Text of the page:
An explosion at a Southwestern Wyoming natural gas processing plant Wednesday afternoon forced the evacuation of a nearby town, a precautionary step for fear the fire could have escalated, an emergency official said.
Jay Hokanson, Lincoln County emergency management coordinator, said no injuries were reported in relation to the explosion and subsequent fire. Hokanson said the fire was contained by about 5 p.m. Wednesday.
Hokanson, who was not on the scene, said the whole town of Opal, about 100 people, was evacuated save for emergency personnel. He said the town would remain evacuated overnight Wednesday.
Larry Burris, the supervisor of operations for the plant near Opal, said all workers have been accounted for. The plant is operated by the Williams Companies.
Williams spokeswoman Michele Swaner said the plant immediately followed procedures to “shut in” — shut off all gas flowing within the system.
The cause of the fire is being investigated, Swaner said. It is believed to have started in a “TXP3 train,” one of five cryogenic processing plants at the site.
â€œIt will take time to investigate,â€ Swaner said.
The plant’s 42 employees were safely evacuated. The company was planning to pay for Opal residents to stay at hotels in nearby Kemmerer on Wednesday night, she said.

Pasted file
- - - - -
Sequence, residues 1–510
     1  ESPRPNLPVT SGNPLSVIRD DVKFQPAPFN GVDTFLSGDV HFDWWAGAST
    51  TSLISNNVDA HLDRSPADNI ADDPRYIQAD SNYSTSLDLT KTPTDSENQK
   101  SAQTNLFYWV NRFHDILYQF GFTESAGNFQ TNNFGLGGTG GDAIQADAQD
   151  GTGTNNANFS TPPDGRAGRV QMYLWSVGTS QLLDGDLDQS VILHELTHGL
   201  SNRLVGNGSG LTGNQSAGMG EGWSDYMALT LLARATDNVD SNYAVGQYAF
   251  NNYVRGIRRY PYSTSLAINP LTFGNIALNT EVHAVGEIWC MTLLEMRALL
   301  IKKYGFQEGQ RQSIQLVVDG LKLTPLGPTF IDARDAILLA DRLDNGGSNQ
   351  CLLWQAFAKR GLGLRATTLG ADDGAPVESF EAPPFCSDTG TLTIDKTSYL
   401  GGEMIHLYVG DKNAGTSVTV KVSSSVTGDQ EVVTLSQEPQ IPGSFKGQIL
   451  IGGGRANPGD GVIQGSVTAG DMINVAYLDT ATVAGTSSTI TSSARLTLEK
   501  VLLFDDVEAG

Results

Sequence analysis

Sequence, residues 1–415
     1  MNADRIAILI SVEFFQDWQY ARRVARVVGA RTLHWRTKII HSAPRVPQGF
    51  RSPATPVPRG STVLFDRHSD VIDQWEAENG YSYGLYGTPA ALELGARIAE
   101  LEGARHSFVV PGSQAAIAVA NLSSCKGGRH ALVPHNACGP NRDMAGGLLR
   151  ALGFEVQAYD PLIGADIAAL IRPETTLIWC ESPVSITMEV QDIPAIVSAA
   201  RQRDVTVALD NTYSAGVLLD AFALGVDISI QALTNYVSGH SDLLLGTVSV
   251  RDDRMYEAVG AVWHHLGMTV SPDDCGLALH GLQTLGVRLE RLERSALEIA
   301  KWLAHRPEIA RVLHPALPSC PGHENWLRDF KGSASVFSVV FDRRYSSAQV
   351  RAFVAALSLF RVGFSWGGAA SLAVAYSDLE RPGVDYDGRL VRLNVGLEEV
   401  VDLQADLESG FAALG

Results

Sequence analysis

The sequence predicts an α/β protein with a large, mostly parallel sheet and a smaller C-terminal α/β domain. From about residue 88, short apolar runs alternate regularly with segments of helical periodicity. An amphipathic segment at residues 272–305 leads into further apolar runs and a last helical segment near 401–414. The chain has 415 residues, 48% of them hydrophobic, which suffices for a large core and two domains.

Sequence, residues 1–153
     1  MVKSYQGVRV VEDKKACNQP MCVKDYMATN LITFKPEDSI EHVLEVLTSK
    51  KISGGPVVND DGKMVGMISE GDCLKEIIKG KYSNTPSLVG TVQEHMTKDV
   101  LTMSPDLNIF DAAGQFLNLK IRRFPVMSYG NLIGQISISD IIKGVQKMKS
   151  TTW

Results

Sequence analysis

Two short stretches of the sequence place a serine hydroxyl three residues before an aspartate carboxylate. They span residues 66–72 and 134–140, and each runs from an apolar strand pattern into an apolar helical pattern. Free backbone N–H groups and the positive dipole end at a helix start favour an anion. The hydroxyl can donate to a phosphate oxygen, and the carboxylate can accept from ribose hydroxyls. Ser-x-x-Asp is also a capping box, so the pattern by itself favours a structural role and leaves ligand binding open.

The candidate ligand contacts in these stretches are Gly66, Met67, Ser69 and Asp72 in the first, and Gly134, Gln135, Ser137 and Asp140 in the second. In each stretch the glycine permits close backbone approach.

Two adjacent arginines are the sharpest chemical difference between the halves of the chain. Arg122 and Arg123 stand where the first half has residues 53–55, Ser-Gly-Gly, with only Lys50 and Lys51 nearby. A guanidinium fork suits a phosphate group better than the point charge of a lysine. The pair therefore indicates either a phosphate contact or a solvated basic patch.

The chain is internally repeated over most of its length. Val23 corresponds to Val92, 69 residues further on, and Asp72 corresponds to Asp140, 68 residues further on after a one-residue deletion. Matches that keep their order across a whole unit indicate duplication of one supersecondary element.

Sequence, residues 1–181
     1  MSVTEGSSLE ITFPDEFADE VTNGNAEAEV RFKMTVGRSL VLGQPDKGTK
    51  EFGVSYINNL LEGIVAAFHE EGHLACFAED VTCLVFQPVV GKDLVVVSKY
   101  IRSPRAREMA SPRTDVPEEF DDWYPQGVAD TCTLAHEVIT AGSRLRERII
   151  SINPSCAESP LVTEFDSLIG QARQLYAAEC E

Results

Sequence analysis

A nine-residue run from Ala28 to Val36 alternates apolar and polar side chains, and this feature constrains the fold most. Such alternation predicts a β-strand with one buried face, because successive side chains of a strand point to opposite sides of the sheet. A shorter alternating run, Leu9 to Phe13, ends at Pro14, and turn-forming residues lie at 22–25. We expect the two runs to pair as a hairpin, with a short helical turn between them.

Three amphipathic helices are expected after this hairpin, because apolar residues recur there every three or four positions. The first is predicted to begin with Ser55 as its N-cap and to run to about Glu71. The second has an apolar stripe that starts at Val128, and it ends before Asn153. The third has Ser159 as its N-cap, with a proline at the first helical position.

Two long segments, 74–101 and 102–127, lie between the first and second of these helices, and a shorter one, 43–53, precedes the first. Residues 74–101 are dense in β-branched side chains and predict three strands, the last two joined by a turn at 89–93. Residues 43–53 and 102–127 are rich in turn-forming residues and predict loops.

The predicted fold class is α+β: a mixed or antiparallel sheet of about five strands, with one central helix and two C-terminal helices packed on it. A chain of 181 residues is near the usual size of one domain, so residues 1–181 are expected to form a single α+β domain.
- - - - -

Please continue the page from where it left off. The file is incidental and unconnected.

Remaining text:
The governorâ€™s office issued a statement Wednesday afternoon stating the Wyoming Office of Homeland Security and other state personnel were on standby if local officials requested assistance.
The fire prompted the Wyoming Department of Transportation to close U.S. Highway 30, which runs near the plant, in both directions between Kemmerer and Opal. Wyoming Highway 240 was closed between Opal and U.S. Highway 189.
Both were still closed as of press time.
Hokanson did not have an estimate on the extent of the damage to the plant.
The Opal gas processing plant is one of the larger in Wyoming, according to Brian Jeffries, executive director of the Wyoming Pipeline Authority.
Jeffries said the plant has a capacity of upward of one billion cubic feet of natural gas per day and that most of that gas is destined for California and the west coast. The company, which is publicly traded, also operates a plant in Echo Springs.